ISSN 1470-3947 (print) | ISSN 1479-6848 (online)

Endocrine Abstracts (2019) 65 P48 | DOI: 10.1530/endoabs.65.P48

Twenty-five years of familial glucocorticoid deficiency: genotypic and phenotypic variability

CJ Smith, AV Maharaj, R Prasad, C Hughes, Y Qamar, AJL Clark, LF Chan & LA Metherell

William Harvey Research Institute, London, UK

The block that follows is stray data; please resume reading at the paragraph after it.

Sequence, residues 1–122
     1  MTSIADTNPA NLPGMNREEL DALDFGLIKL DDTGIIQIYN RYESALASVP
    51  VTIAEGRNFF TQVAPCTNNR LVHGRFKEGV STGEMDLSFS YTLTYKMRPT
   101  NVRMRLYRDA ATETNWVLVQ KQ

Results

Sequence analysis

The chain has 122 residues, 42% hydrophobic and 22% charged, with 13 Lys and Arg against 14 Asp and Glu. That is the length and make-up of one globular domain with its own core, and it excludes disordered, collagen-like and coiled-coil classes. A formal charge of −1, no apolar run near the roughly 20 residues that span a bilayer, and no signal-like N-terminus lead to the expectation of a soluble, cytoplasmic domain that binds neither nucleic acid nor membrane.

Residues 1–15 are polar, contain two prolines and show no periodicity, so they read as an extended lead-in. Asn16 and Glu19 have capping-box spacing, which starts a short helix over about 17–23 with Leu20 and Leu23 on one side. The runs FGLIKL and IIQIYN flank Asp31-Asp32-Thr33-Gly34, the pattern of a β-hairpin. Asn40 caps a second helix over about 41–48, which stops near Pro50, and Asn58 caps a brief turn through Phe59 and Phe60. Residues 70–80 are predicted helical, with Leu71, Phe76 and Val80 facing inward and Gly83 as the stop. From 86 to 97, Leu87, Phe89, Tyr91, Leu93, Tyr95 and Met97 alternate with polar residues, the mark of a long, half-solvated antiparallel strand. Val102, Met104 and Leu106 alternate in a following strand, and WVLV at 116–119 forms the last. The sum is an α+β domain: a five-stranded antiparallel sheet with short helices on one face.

Within the last 25 years more than 400 cases with suspected Familial Glucocorticoid Deficiency (FGD) have been referred to our centre for genetic testing. All cases had low or undetectable serum cortisol paired with an elevated plasma ACTH level. Our patient cohort comprises 352 families from 30 different nationalities and ranges from neonates to patients in their eighties. In 1993 the first gene defect, in MC2R, was discovered by candidate gene sequencing. Subsequently 8 further genes have been identified in our cohort by Next Generation Sequencing technologies, in temporal order; MRAP, STAR, MCM4, NNT, TXNRD2, SGPL1 and CYP11A1. MC2R mutations account for 25% of cases, MRAP for 20%, NNT for 8%, STAR for 7%, CYP11A1 for 3% and MCM4, TXNRD2 and SGPL1 each for 1%. These genes are involved in diverse pathways with phenotypes resulting from defective ACTH signalling, cholesterol transport, steroidogenesis, cellular redox homeostasis, DNA replication or sphingolipid metabolism. Functional assays of the proteins these genes encode, have provided some explanation for the variability of the phenotype and association(s) with other co-morbidities. The work has highlighted non-classical presentations of lipoid congenital adrenal hyperplasia and P450 side-chain-cleavage enzyme deficiency with partial loss-of-function variants in STAR and CYP11A1 respectively. In addition, a few cases have revealed syndromic disease exemplified by the MCM4 variant causing natural killer (NK) cell and glucocorticoid deficiency with DNA repair defect and SGPL1 mutations which cause a syndrome of primary adrenal insufficiency, progressive renal dysfunction plus in some cases ichthyosis, acanthosis, immunodeficiency and neurologic defects. The finding of further gene defects; novel genetic aetiologies, Copy Number Variation or non-coding variation in known genes will improve the diagnosis for the 40% of patients presenting with FGD who currently have no genetic cause identified.

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